SALEM — There are charts on the conference-room wall at Bentley School that tell a different story from the one presented by city leaders who are considering turning the struggling elementary school over to a nonprofit education management firm.
The charts show progress and competitive scores at Bentley, especially in the youngest grades, on tests given by consultants at schools across the city, according to Bentley teachers.
The results of recent testing at the lower grades, the teachers say, paint a different picture than the low, and sometimes declining, MCAS scores at the upper grades — scores that top school leaders cite as evidence of lack of progress at the Level 4 school in the second year of a state-mandated turnaround.
“Why use last year’s third-grade MCAS data to arrive at decisions about the model that’s in place now?” asked Dana Kleemola, a kindergarten teacher and member of the data leadership team at Bentley.
The scores of second-graders are especially encouraging and revealing, because those 50-or-so students entered the school around the time the turnaround began and new teaching methods were being put in place, she said.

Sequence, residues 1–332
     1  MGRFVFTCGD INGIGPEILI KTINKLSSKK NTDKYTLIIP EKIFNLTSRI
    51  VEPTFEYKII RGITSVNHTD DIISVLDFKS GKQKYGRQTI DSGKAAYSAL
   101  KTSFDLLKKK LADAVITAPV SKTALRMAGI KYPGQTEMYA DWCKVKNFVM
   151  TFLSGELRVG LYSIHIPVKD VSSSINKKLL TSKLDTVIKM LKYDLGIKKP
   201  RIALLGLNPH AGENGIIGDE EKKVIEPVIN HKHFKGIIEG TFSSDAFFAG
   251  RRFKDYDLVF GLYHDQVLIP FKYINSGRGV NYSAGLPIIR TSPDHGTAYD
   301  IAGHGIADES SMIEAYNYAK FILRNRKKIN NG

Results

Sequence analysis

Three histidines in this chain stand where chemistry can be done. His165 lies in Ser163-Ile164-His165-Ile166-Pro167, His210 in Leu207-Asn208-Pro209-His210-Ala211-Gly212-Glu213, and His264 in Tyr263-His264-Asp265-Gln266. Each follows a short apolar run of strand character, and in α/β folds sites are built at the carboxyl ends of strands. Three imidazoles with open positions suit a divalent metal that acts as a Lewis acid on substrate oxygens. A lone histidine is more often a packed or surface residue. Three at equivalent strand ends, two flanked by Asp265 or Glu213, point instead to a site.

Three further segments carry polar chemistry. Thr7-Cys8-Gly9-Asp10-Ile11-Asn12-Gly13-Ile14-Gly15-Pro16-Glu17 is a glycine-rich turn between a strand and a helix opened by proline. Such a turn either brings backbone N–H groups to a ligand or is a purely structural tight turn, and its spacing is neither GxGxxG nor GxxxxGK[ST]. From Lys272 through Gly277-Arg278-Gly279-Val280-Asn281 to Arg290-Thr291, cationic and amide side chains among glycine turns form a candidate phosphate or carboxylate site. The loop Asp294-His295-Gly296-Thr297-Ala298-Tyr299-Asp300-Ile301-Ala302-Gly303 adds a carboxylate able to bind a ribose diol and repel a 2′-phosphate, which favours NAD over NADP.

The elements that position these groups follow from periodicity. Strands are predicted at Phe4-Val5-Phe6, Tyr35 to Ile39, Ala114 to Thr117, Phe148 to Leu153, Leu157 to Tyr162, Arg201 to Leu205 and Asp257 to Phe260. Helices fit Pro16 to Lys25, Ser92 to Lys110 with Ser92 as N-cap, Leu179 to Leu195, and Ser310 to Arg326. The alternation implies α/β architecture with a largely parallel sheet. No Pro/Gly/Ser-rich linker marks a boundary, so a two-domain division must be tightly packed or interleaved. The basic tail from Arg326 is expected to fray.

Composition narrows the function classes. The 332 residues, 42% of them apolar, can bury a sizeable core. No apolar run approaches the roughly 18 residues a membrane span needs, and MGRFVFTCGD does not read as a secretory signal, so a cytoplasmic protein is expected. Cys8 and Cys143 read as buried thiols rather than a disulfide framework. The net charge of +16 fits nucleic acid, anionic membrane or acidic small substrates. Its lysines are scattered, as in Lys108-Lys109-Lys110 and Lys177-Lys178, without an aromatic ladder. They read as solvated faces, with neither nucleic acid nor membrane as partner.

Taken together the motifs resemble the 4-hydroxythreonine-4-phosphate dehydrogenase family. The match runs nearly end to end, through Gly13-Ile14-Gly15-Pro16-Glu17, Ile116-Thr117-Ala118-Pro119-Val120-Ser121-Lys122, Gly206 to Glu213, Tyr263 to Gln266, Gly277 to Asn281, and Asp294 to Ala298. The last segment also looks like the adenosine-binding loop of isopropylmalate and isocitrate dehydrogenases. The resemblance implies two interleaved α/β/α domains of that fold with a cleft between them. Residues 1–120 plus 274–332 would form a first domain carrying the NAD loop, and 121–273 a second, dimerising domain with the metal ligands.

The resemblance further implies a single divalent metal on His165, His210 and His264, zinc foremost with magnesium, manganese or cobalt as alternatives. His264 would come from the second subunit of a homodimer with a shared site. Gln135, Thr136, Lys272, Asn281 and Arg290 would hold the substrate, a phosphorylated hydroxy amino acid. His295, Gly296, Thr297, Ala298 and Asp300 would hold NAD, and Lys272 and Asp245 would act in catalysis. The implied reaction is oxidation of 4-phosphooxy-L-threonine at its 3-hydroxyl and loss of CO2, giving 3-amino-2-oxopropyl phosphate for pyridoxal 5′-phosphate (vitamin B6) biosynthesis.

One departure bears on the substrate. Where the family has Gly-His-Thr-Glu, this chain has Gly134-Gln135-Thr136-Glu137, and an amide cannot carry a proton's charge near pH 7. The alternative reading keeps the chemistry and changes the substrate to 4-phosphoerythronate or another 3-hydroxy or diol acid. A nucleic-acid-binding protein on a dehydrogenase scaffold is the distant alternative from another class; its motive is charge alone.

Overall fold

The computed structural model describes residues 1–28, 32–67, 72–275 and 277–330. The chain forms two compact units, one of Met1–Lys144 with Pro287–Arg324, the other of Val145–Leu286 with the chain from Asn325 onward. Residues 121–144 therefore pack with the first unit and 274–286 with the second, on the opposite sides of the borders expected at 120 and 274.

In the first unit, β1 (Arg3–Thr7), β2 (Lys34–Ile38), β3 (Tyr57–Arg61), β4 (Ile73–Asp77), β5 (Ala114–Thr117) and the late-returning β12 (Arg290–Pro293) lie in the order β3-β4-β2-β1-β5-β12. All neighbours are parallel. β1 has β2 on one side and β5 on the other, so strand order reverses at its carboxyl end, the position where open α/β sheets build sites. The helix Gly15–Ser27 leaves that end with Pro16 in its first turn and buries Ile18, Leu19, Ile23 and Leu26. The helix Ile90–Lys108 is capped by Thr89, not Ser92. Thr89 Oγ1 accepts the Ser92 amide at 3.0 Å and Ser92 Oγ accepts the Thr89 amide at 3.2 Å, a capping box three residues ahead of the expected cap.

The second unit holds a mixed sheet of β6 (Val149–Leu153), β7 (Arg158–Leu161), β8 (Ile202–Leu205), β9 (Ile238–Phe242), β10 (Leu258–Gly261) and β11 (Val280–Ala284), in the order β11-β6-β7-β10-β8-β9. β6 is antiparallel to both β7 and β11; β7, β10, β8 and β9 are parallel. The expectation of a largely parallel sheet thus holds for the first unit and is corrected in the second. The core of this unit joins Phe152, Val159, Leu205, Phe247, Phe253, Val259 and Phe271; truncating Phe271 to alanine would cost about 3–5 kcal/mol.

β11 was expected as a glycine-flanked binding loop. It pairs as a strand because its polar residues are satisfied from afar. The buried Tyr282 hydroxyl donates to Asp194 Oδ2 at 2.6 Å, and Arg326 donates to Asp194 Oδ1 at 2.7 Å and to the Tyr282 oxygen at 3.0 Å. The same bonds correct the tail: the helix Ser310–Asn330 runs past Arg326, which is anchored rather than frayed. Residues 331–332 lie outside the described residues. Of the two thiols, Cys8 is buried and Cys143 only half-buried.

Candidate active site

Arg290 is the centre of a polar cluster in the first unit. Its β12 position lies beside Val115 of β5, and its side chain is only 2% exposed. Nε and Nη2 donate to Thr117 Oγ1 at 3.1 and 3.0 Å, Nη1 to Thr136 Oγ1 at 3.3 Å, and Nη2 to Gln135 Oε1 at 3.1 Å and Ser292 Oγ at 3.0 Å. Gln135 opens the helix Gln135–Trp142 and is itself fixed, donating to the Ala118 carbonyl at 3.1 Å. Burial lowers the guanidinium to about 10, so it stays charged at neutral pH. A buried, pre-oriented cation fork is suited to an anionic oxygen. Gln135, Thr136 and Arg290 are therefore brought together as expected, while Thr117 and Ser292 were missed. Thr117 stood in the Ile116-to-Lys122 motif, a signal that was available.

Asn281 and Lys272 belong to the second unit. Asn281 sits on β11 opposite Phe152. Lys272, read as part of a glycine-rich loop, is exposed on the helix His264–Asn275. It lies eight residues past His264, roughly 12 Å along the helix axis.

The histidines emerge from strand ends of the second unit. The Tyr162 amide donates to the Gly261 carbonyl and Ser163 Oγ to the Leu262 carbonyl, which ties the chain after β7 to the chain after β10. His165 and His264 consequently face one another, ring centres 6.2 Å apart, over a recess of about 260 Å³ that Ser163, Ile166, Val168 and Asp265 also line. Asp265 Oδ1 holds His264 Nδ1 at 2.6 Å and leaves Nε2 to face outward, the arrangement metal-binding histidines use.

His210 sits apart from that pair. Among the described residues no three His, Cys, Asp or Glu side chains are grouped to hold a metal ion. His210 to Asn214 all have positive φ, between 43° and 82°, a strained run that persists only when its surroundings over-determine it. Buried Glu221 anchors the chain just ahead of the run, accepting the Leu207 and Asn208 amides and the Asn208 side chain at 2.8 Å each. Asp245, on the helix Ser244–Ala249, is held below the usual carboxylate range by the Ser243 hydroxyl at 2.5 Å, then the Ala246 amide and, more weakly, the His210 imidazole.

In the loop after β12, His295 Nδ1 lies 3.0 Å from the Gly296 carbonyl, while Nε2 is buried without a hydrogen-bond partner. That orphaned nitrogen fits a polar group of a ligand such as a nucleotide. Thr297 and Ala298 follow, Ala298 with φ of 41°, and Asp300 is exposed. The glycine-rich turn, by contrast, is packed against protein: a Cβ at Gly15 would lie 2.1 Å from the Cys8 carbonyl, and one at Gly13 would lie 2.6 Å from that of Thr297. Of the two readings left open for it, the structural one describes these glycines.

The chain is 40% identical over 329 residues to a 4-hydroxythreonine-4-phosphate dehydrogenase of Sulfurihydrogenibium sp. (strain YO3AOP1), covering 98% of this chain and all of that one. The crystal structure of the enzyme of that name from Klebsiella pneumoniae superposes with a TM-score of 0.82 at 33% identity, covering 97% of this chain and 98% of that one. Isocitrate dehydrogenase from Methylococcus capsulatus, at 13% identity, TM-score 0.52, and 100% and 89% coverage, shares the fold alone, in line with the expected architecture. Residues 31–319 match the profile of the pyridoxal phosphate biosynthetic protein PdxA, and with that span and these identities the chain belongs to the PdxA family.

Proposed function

“This is a group that’s going to be taking the MCAS next year,” Kleemola said. “I just think that’s extremely promising.”
The Bentley teachers hope to make a presentation at Monday night’s meeting of the School Committee, which will be considering a proposal to hire an education management organization for next school year, which would have the power to hire a new principal and teachers and make other changes at the 292-student, K-5 school.
Mayor Kim Driscoll, who chairs the school board and has spearheaded a possible partnership with a nonprofit turnaround organization, acknowledges that the Bentley staff has been working hard. But the mayor also notes that the school is in the second year of a three-year turnaround and not only isn’t making the progress it should, but had lower MCAS scores in some grades and subjects in the most recent tests.